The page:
Tuesday, February 27, 2007

Asean Economic and Political Integration: Myth or Reality?


One step forward, two back for ASEAN

By Shawn W Crispin

BANGKOK - Just when it seemed the Association of Southeast Asian Nations (ASEAN) was united in its desire to establish a cohesive, rules-based economic bloc, a series of bilateral trade and investment spats has sent the 10-member regional grouping careering back toward collective irrelevance - only this time to potentially disastrous effect.

ASEAN members agreed last month to fast-track the establishment of a long-discussed regional free-trade area, moving the timetable by five years for eliminating tariffs and promoting the free flow of capital across regional borders from 2020 to 2015. More significant, ASEAN also unanimously approved a blueprint to transform the informal grouping into a legally defined entity, giving it the central authority to impose sanctions on members that break its rules and regulations.

Those were unusually bold moves for ASEAN, which throughout its 40-year existence has served more as a regional talk shop than a venue for hammering out binding trade and investment agreements. Formed loosely in 1967 to promote regional security, culture exchanges and economic prosperity, an expanded ASEAN now represents the region's best hope of engaging and counterbalancing China's economic rise on a somewhat equal basis. It includes Thailand, Malaysia, Singapore, Vietnam, Indonesia, the Philippines, Cambodia, Laos, Myanmar and Brunei.

Last year, ASEAN agreed in principle to establish a free-trade agreement with China, which by 2010 should represent the world's largest free-trade area, eclipsing both the European Union and the North American Free Trade Area. It was a deal that ASEAN's comparatively smaller economies could not refuse, but one that China could still go lukewarm on if the underlying conditions shift - as recent protectionist lurches across the region seem to indicate.

Money Quotes:

Racial dimension
Bangkok's spat with Singapore, in which the former's military leaders have publicly accused the island state of violating its national sovereignty through its investments in communications infrastructure including satellites, is deeply enmeshed with Thailand's unfolding and unresolved political crisis.

Thailand's ruling generals have in effect ordered into bankruptcy the television station ousted prime minister Thaksin Shinawatra's family sold last year to Singapore's Temasek, demanding more than $2 billion in fines and delinquent fees. They are now threatening to follow up by rescinding the build-operate-transfer concession held by Advanced Info Services, Shin Corp's money-spinning mobile-telephone company now owned by Temasek.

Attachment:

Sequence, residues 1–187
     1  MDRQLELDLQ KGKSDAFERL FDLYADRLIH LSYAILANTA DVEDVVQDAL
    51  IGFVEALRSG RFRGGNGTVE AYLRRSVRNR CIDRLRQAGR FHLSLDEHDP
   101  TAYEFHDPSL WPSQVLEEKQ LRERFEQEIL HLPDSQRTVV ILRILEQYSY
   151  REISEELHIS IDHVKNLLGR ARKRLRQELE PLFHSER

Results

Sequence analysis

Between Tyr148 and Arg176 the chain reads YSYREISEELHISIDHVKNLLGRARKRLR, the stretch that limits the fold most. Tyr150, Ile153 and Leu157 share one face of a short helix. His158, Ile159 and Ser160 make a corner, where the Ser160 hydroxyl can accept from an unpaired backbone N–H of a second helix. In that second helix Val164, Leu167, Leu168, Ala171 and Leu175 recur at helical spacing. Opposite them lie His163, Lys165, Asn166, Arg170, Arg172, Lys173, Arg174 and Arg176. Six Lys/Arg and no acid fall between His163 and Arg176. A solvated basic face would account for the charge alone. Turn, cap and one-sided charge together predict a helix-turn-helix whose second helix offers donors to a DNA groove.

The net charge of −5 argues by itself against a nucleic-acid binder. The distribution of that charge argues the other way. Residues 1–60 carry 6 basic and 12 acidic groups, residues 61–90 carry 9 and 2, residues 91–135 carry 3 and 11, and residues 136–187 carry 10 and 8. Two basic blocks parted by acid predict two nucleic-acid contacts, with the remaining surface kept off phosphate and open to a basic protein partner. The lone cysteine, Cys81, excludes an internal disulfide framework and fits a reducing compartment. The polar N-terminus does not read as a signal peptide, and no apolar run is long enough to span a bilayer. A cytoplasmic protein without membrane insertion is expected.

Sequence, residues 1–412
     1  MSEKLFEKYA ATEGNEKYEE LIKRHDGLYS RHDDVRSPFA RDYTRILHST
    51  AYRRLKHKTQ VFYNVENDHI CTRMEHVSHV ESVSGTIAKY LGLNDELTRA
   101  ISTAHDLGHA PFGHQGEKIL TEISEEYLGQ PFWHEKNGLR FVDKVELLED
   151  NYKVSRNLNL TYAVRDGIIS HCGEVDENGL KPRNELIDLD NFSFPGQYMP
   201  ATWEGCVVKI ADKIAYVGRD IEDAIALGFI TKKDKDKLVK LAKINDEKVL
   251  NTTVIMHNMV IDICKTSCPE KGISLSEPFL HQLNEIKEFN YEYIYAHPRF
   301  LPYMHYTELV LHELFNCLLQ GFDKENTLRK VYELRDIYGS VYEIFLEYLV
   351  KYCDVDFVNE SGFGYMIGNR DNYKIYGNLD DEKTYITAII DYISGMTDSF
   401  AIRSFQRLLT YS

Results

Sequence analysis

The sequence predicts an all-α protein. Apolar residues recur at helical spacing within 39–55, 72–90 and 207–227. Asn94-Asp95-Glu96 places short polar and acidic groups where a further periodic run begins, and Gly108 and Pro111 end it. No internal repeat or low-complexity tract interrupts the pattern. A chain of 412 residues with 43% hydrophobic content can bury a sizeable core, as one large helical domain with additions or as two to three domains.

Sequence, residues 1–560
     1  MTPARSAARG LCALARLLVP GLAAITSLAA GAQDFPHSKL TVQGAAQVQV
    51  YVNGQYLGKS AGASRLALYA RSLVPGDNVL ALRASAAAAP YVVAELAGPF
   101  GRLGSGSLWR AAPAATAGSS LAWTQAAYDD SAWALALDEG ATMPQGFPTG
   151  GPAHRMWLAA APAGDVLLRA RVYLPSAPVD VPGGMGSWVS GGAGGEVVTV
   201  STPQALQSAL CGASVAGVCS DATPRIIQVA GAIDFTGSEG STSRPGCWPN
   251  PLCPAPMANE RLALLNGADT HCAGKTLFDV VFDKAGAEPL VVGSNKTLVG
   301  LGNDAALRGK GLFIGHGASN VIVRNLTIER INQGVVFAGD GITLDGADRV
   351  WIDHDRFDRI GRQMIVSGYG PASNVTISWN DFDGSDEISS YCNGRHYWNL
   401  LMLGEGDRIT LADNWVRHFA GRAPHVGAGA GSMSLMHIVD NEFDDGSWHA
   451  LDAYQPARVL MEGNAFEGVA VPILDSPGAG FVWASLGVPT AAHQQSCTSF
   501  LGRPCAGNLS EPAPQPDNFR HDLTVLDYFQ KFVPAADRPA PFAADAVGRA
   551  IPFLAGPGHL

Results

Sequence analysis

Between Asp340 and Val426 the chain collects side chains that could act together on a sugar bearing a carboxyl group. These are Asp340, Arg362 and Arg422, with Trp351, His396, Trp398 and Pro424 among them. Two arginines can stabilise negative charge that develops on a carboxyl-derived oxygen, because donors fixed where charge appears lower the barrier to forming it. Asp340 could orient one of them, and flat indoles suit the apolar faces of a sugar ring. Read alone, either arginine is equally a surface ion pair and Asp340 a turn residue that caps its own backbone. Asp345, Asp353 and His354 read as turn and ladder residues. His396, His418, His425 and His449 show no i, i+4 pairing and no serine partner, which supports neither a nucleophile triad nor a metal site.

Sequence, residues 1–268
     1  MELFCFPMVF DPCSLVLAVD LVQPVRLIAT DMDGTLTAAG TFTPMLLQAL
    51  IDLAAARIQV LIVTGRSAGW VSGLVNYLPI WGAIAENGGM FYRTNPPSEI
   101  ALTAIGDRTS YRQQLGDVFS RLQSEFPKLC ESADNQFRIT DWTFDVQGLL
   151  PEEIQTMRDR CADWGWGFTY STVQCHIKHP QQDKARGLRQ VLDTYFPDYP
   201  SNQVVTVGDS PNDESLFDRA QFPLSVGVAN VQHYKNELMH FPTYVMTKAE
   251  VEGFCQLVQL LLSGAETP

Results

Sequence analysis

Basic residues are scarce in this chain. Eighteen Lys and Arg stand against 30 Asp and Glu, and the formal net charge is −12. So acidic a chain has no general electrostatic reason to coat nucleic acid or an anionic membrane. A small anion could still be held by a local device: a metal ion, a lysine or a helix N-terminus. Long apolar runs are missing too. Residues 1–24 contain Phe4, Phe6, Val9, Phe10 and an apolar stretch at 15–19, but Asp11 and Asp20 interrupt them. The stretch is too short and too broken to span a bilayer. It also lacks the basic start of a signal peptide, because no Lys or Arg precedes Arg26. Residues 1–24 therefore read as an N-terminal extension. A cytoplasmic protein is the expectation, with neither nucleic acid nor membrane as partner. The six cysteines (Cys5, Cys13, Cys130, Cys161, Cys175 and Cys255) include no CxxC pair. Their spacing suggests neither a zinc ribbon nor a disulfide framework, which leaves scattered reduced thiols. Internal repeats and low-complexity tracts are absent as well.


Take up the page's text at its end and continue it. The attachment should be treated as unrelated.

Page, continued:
The latter move would render Singapore's $1.9 billion investment in the conglomerate almost worthless and raise questions about whether the move represents a full-blown expropriation of a foreign investment. As currently constituted, Singapore would have little recourse through ASEAN's untested dispute-settlement mechanism, which historically has shied away from mediating in regional economic disputes


I think there is something more sinister going on here. Thailand and Indonesia are corrupt 3rd World countries. Each has resorted to right-wing nationalism in their contemporary histories as an excuse to go after the economic assets of foreigners and ethnic minorities, especially the overseas Chinese. Also, both have used the US and former imperialist powers as scapegoats for their problems. As Singapore and China emerge as the economic powerhouses with a lot of capital to spend, they will be viewed as the new threat and be blamed and scapegoated for all of Southeast Asia's problems. Of course, the political elites in Thailand, Malaysia and Indonesia will milk this new Chinese threat for all its worth to preserve their own political power by using the nationalist card. Yet, at the same time, they will have their hats in hand begging from the Chinese and the US/Europeans for handouts and investments. This two-faced game has been played by Thailand and Indonesia for years; amazingly enough, they continue to get away with it. Nevertheless, foreign investors still go ahead with their business plans. Why? Because even with all the nationalist bullshit, I guess they are still making sweet profits.

If the Chinese/Singaporeans and US/Europeans were smart, they would get together and put a stop to this racist nonsense by forcing these Southeast Asian governments to make provisions in their economic and political agreements concerning direct or indirect nationalization of assets and stipulations against fomenting nationalism and racism against Chinese/Singaporean and US/European foreign investors(though I admit tricky because of free speech issues). Otherwise, foreign investors who do invest in Southeast Asia, especially in racist countries like Thailand and Indonesia, are going into these agreements with their eyes wide shut and deserve to be screwed. Foreign investors need to start doing their political due diligence.

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